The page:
Bytes of Learning’s CREATE Together

CREATE Together from Bytes of Learning is a multimedia software program that combines creation, collaboration, communication, problem solving and publishing tools for all grade levels. Students can create animated games, puzzles, interactive simulations, searchable multimedia databases and hyperlinked presentations among other activities. The software also has the capability to publish CD-ROM projects such as yearbooks, student writing databases and student-made games.

After an unsuccessful year of providing instruction to students in a computer applications class and asking them to take notes, I decided to try CREATE Together. I started by having my students get into groups and explaining that our goal was to prepare games for younger children. Students had to follow these steps:

1. Interview the younger students’ teachers to identify topics of relevance and interest.

2. Research the topics on the Internet, by asking parents and friends, and by reading books and magazines.

3. Prepare written reports with an introduction, body, conclusion and bibliography.

4. Have the written reports checked by other teachers, and share them with fellow classmates.

5. Create the games screen by screen, allowing every student in class to contribute ideas.

When we started creating games the children learned something new every day. My students enjoyed what they were doing and felt important doing it, which made them more confident. Even at recess students would run to the lab and get in lines to use the computers. Most of the time I couldn’t let everybody in, so I invented a ticket system that allowed students to take turns. The students were enjoying the experience and most importantly, they were learning. The only difficulty was that my class had 30 students and everybody wanted my help. Fortunately, CREATE Together comes with a computerized assistant that guides students through the program’s processes.

The next year, my new fifth-graders started the same process of making learning games. This time, we took the children’s pictures and added them to the games so everyone would know who created them. I also got the idea of making our school’s first interactive multimedia yearbook with CREATE Together. I had fifth- and sixth-graders plan the yearbook, picking classmates’ pictures and writing their stories.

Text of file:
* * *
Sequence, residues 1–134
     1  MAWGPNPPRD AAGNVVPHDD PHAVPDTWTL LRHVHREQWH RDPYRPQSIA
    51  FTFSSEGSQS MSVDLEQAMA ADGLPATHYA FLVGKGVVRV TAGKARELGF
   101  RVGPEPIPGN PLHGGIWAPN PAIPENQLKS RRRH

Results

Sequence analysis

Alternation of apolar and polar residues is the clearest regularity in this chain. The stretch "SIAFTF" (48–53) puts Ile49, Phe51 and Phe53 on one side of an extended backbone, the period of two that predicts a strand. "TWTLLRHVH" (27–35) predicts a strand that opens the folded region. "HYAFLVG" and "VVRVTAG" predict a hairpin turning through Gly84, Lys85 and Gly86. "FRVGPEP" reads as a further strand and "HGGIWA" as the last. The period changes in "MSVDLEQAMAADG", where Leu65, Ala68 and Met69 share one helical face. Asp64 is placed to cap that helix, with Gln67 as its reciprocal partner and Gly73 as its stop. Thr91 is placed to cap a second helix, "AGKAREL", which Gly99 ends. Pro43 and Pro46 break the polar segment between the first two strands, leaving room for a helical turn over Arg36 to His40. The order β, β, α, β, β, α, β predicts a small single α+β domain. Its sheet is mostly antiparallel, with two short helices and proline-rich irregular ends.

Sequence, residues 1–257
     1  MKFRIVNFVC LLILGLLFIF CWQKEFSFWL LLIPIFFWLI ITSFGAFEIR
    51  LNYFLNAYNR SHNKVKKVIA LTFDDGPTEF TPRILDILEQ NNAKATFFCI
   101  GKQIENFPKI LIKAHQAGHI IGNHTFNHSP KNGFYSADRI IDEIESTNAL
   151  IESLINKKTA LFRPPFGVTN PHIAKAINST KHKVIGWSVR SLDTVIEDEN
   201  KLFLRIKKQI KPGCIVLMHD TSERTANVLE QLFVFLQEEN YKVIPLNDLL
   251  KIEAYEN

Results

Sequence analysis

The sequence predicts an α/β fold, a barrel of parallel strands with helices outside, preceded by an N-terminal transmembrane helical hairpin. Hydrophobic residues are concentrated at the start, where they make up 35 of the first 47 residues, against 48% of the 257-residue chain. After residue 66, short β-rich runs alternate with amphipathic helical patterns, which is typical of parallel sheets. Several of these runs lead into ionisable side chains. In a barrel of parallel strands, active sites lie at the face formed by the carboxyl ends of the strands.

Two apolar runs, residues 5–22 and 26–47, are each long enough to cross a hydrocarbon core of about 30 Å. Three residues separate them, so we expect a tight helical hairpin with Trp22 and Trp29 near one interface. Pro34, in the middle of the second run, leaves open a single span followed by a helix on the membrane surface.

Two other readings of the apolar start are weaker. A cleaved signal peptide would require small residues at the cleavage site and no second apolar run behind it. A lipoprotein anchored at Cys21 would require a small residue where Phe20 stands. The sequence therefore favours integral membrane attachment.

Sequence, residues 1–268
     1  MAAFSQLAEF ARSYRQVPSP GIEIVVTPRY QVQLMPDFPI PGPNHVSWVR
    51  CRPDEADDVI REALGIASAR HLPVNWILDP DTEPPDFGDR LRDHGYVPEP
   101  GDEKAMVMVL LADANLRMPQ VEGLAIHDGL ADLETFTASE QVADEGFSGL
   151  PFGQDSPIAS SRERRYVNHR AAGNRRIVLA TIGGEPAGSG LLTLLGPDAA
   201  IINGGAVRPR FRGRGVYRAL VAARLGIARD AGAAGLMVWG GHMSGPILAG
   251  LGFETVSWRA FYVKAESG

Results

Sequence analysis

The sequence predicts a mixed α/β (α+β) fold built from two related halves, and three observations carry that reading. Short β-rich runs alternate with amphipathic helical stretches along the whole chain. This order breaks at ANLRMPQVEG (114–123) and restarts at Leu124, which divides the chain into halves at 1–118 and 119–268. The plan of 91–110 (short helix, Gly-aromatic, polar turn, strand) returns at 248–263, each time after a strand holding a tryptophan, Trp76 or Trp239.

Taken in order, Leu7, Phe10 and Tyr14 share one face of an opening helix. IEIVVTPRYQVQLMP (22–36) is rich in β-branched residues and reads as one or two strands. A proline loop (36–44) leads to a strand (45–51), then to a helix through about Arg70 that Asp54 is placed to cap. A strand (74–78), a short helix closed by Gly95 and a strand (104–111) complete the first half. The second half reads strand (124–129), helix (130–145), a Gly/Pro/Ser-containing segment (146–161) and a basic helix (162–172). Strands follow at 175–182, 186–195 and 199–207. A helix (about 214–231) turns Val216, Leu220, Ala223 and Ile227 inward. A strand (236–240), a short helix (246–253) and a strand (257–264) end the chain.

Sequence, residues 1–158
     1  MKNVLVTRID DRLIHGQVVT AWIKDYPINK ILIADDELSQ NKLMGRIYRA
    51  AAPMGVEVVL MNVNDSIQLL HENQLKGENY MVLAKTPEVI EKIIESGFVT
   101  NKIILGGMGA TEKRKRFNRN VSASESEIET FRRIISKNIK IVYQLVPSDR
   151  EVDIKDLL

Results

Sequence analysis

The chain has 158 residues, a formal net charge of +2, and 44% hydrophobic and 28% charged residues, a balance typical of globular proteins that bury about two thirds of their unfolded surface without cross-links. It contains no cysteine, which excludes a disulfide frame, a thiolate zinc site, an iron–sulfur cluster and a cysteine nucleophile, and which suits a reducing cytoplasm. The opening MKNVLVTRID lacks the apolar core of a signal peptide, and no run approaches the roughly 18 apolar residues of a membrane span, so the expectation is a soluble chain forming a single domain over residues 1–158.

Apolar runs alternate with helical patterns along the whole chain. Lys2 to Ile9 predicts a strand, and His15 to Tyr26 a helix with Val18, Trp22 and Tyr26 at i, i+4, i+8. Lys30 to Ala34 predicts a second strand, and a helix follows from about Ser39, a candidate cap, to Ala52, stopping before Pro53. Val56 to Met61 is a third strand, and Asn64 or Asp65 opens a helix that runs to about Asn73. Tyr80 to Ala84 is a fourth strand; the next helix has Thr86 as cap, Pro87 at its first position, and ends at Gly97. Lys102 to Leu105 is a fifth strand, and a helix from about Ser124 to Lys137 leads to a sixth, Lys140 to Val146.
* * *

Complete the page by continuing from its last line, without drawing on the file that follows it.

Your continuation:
In 2001, when I started teaching at St. Jude School in Costa Rica, students used CREATE Together to make games about the solar system, phonics, math, natural disasters and colors. The students did research by asking family members, investigating books, as well as searching the Internet, magazines and other sources.

Through this program my students didn’t just learn about computers, they learned values. They learned how to be a friend, to respect other’s choices and ideas, as well as to listen to others and not just talk. I have never observed students as cooperative with each other as they have been using CREATE Together. Each student voluntarily brought research materials to assist their classmates, and the students were always interested in their classmates’ games.

Parents also became involved. I sent notes telling parents how well their children worked, and they began visiting the classroom. When the games were finished, we even invited the Costa Rica Department of Education to view the students’ work.

I was satisfied because my students learned so much from using CREATE Together. They learned how to explore the Internet; how to print and paste images, then use them in CREATE Together; and how to record their voices and add sounds to projects. Without a doubt, my students learned more using CREATE Together than they would have learned if I had tried to teach them the same skills in separate lessons. My students learned the skills far better because they were using them for a purpose.

Laura Grillo Abdelnour
St. Jude School
San José, Costa Rica

This article originally appeared in the 11/01/2002 issue of THE Journal.

THE News Update

Sign up for our newsletter.

Terms and Privacy Policy consent

I agree to this site's Privacy Policy.